Photo/IllutrationToshiba Corp.'s headquarters in Tokyo's Minato Ward (Asahi Shimbun file photo)

Toshiba Corp. plans to sell off foreign subsidiaries and encourage around 1,400 employees to take early retirement as part of a new five-year business plan announced Nov. 8.

The strategy for the period through March 2024 was made necessary by Toshiba's decision to spin off its highly lucrative semiconductor business to dig itself out of a financial morass from massive losses stemming from its failed nuclear power operations in the United States.

The streamlining of operations is expected to expose more of the company's bad business decisions overseas in the past.

Its money-losing liquefied natural gas operation in the United States will be sold to a Chinese company, while a nuclear power subsidiary in Britain will be broken up as part of Toshiba's move to remove itself from further construction of nuclear plants there.

Under the new business plan, about 7,000 Toshiba group company employees, or 5 percent of the workforce, will be cut. While most will come in the form of natural attrition as workers reach mandatory retirement age, there are also plans to implement an early retirement program at subsidiaries in the energy equipment and digital-related equipment sectors.

Toshiba is forecasting sales of 4 trillion yen ($35.4 billion) for the fiscal year ending in March 2024, the final year of the five-year plan. That figure is about 10 percent higher than the sales estimate for the current fiscal year.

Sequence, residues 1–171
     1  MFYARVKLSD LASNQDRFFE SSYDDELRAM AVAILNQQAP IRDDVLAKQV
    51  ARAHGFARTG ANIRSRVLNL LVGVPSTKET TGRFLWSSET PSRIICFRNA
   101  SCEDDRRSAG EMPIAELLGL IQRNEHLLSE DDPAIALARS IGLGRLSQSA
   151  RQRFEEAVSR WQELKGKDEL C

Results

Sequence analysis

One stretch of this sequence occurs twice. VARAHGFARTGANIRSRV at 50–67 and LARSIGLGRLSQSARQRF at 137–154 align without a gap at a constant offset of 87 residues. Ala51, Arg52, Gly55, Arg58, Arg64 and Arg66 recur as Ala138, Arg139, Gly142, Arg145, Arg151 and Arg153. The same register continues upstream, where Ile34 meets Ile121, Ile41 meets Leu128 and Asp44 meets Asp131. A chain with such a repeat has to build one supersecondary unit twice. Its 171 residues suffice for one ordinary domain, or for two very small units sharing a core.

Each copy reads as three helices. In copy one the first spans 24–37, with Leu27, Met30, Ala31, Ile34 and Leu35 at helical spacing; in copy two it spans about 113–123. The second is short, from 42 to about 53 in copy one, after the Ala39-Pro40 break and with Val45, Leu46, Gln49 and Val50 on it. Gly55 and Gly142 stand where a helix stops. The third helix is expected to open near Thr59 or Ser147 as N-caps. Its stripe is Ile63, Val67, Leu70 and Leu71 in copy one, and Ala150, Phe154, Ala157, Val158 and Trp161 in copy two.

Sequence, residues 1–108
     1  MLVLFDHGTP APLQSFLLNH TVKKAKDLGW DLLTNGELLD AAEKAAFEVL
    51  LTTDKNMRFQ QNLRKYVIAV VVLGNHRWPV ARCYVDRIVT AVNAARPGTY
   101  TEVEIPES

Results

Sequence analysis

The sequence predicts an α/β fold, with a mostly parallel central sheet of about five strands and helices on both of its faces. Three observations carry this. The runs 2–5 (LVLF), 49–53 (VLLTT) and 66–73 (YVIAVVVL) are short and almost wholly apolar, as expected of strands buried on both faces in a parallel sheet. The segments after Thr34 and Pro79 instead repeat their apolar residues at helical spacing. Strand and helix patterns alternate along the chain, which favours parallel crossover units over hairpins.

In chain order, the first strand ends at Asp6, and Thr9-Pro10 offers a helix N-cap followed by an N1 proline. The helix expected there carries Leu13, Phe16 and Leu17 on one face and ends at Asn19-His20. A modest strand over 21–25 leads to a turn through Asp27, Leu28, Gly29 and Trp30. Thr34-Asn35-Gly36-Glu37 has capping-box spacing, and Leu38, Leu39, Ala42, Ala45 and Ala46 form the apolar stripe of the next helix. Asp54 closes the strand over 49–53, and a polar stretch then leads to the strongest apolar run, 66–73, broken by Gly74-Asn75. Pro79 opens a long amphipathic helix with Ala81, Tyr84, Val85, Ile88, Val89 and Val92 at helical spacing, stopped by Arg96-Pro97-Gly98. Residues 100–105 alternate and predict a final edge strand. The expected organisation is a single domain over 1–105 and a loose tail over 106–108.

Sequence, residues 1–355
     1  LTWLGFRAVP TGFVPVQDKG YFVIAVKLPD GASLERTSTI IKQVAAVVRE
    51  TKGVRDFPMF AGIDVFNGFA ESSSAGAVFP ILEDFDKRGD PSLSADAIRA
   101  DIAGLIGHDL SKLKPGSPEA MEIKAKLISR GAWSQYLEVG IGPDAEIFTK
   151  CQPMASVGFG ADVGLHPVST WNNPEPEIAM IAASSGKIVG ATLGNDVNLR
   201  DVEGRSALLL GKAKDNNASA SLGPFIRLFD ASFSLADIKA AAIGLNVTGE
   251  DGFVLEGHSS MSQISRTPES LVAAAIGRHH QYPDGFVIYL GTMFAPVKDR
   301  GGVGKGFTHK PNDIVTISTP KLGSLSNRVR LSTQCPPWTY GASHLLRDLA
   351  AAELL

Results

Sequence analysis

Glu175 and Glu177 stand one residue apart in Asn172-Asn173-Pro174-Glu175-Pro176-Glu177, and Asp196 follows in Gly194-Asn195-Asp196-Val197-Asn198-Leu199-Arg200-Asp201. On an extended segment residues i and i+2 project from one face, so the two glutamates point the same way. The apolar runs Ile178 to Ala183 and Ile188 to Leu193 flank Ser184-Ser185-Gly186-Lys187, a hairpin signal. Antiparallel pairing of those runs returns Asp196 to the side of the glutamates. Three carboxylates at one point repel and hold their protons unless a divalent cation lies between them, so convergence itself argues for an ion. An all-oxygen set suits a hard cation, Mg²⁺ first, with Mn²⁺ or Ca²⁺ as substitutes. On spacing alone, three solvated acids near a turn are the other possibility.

Toshiba has also set an operating profit goal of 400 billion yen for March 2024, more than six times the predicted figure for the current fiscal year.

The company hopes to shift the base of its profit centers to social infrastructure projects, such as non-nuclear power plants and building equipment.

One area of interest is the use of artificial intelligence and information technology for inspections and repairs.

Although Toshiba Memory, the semiconductor subsidiary, had accounted for about 90 percent of Toshiba's operating profits, the parent company was forced to sell it off to cover the huge losses from its failed nuclear power plant business in the United States.

While Toshiba managed to avert financial disaster by selling the subsidiary, it still faces the major task of fostering new profit-generating units.

(This article was written by Hisashi Naito and Keiichi Kitagawa.)